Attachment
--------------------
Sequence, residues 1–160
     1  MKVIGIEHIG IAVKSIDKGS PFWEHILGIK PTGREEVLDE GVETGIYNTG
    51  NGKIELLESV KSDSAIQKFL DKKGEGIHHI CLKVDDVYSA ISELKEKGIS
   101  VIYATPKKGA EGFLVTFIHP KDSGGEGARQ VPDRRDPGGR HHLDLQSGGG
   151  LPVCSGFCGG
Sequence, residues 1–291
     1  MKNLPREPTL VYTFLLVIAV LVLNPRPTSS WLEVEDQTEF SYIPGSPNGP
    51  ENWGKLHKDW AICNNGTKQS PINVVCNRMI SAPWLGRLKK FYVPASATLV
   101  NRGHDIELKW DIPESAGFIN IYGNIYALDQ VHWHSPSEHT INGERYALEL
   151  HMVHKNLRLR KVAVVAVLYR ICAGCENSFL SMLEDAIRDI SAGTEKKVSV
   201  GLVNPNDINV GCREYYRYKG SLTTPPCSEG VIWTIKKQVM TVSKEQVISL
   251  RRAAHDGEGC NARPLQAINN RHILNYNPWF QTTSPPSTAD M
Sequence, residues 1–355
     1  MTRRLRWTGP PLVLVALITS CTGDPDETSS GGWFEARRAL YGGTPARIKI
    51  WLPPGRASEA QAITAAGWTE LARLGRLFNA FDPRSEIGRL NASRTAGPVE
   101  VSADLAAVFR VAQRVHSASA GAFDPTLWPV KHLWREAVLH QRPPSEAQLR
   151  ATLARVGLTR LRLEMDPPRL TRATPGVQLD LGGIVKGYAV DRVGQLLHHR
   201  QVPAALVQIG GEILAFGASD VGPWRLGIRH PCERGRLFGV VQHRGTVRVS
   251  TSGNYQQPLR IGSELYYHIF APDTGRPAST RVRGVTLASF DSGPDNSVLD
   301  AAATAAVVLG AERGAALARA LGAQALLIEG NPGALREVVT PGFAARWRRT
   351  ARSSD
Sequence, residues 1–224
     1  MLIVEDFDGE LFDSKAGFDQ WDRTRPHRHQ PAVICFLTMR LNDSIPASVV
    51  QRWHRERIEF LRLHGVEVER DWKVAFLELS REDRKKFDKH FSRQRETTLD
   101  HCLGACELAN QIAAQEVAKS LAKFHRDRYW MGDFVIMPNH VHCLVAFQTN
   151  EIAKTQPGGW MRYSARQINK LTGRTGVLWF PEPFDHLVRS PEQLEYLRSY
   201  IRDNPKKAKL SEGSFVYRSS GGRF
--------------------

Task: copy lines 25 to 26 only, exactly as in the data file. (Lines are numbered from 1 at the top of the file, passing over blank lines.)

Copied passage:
   101  HCLGACELAN QIAAQEVAKS LAKFHRDRYW MGDFVIMPNH VHCLVAFQTN
   151  EIAKTQPGGW MRYSARQINK LTGRTGVLWF PEPFDHLVRS PEQLEYLRSY